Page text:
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Côte d'Ivoire

In Côte d’Ivoire, a young rape victim regains self-confidence with UNICEF support

© UNICEF Côte d’Ivoire/2011/Monier
Tamira's father, Jean Kadio (not their real names) has been a key person in the girl's well being since the incident and in particular for her to regain her self-confidence.

By Cifora Monier

BOUAKÉ, Côte d’Ivoire, 28 September 2011 – The first day of school should be an exciting time, full of expectancy and hope. Sadly, for young Tamira* it only manages to bring back the horrifying memory of a brutal rape she endured last October, just steps away from her grandmother’s house.

‘My life was over’

After spending two laughter-filled months on summer holiday with her beloved aunt and cousins in Abidjan, Tamira, 16, boarded a bus to return home and start the new school year miles away in Bouaké. As fate would have it, by the time she arrived at the station it was too dark to make the 6 km walk to her house, so she decided it would be safer to pass the night at her grandmother’s.
“I was not scared to walk to my grandmother’s house,” she recalled. “Not very far from her place there is a big school.”

As she walked hurriedly on, two security guards who had been standing in front of the school approached her and began to push her around.

“I tried to scream but they put their hands on my mouth and dragged me into the school building,” said a tearful Tamira. “The one man raped me, while the other one kept watch. I don’t know how long it lasted for but for me I knew that my life was over.”

At the hospital

After the ordeal was over, a badly beaten Tamira stumbled outside and found someone to accompany her to the local police station. The policemen called her father very early the next morning.

“I took her to the hospital, there the doctor examined her and confirmed that she had been raped,” recounted Tamira’s father, Jean Kadio*. “As Tamira is a minor, the doctor asked my permission to test her for HIV and carry out a pregnancy test. I gave him permission to carry out both tests.”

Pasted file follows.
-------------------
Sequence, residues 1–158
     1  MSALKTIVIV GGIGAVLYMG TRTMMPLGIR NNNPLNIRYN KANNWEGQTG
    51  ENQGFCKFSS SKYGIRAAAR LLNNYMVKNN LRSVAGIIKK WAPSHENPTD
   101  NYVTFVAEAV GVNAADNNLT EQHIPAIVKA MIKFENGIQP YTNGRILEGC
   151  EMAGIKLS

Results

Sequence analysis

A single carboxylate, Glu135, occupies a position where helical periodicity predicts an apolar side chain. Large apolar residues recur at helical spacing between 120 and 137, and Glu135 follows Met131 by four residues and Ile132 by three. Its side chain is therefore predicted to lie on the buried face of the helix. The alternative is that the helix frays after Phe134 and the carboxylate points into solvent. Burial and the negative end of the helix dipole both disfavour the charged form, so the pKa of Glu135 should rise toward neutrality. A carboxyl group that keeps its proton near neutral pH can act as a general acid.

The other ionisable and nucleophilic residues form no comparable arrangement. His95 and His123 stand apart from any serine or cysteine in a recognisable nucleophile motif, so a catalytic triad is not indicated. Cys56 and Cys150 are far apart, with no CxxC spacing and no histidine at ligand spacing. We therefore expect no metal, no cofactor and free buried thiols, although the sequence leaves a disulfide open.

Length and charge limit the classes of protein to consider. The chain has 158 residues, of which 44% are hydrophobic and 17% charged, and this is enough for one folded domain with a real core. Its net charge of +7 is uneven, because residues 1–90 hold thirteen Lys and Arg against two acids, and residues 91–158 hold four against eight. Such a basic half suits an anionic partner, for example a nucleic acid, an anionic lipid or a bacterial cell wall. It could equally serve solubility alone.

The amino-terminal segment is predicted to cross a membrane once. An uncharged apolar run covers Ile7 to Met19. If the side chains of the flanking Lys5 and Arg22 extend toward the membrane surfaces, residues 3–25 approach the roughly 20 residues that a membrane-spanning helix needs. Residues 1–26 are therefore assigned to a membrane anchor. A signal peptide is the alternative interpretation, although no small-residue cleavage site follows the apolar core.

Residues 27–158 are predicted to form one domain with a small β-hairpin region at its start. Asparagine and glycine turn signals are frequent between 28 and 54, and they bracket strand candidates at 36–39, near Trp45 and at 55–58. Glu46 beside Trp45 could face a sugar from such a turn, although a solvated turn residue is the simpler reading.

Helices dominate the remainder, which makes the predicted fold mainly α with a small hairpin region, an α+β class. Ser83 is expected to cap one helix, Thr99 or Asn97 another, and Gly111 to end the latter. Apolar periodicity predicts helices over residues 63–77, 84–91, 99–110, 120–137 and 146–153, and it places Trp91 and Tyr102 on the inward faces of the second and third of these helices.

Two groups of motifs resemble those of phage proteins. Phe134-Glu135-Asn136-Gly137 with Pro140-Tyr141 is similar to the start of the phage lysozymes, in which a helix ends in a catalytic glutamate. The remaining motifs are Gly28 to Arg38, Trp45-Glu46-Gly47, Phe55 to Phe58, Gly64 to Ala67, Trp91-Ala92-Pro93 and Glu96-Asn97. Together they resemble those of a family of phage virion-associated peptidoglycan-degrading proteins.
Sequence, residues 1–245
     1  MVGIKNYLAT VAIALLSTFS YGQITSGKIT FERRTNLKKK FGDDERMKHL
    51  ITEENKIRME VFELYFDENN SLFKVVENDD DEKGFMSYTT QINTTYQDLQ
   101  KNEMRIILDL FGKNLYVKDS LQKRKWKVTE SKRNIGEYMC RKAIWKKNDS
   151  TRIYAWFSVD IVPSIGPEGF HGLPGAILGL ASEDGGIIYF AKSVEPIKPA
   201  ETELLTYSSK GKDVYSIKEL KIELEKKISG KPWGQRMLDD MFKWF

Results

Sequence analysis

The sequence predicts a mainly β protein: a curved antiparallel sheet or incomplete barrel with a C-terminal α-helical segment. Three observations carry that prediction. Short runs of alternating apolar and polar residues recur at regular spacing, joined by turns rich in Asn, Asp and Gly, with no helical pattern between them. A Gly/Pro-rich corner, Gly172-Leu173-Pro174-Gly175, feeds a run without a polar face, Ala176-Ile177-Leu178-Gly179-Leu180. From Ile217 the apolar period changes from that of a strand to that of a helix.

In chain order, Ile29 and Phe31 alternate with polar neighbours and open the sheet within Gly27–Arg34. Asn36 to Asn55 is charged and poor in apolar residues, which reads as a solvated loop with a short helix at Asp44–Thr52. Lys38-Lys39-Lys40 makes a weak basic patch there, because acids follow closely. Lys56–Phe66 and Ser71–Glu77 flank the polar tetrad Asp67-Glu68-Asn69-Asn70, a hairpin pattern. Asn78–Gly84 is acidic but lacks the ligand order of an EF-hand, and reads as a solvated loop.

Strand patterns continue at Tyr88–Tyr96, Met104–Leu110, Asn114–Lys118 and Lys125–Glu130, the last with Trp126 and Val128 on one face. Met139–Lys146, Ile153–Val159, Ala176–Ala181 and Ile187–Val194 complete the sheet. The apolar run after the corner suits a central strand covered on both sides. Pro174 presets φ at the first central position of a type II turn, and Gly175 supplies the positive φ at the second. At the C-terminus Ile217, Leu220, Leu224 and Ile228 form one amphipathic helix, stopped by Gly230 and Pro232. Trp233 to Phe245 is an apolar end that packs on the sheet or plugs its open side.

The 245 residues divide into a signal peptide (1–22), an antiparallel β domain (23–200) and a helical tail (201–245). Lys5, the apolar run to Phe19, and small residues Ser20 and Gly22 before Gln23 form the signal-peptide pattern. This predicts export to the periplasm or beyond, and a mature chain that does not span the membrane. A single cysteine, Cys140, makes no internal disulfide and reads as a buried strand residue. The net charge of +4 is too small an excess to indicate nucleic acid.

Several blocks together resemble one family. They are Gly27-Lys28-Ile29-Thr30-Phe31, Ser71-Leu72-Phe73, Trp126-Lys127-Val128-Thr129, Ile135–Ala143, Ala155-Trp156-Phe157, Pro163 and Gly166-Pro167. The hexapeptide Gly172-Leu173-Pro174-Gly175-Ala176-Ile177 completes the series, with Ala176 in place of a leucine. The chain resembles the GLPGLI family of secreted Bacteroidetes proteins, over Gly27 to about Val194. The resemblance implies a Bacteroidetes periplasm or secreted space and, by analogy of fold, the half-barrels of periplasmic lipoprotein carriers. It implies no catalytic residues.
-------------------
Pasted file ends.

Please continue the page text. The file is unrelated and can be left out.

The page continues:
Fortunately for Tamira, the results for both examinations came back negative.

© UNICEF Côte d’Ivoire/2011/Monier
"What has happened to me has given me the force to help others,” said the 16-year-old.

“The doctor prescribed medication that was given to us free of charge,” said Mr. Kadio. “I don’t make a lot of money. I have nine children and have to feed them with the little I make.”

A quick response

When the hospital realised that he could not pay for his daughter, they told him to contact UNICEF local partner in Child Protection and HIV/AIDS, OISA (Organisation pour les Droits et la Solidarité  en Afrique). The organisation responded quickly and provided Tamira with a Post Exposure Prophylaxis (PEP) starter kit, antiretroviral treatment and antibiotics for the prevention of sexually transmitted diseases.

“The probability that a woman gets pregnant after having unprotected sex is 25 per cent,” explained UNICEF HIV/AIDS Officer, Dr. Victorine Dilolo. ” The probability of being infected by HIV even if the rapist is zero positive is around one per cent, however, the probability of catching a sexually transmitted disease is 50 per cent.”

For this reason, it is very important that victims of rape are given antibiotics as a preventative measure.

One year later

Since the incident, Tamira has resumed her studies. “At the beginning when I had to start school, it was very difficult for me as I was raped in a school,” she said solemnly. “I felt uncomfortable, insecure and very scared.”

After almost one year following her case, UNICEF Child Protection Specialist Therese Mansan feels Tamira has come a long way, though, more work still needs to be done. “There is still a lot of psychological support she requires and continues to receive,” she said.

Recently, when asked what her hope for the future was, Tamira could not have been more succinct: “My dream is to be a midwife. What has happened to me has given me the force to help others.”

*Both names have been changed to protect their identities.



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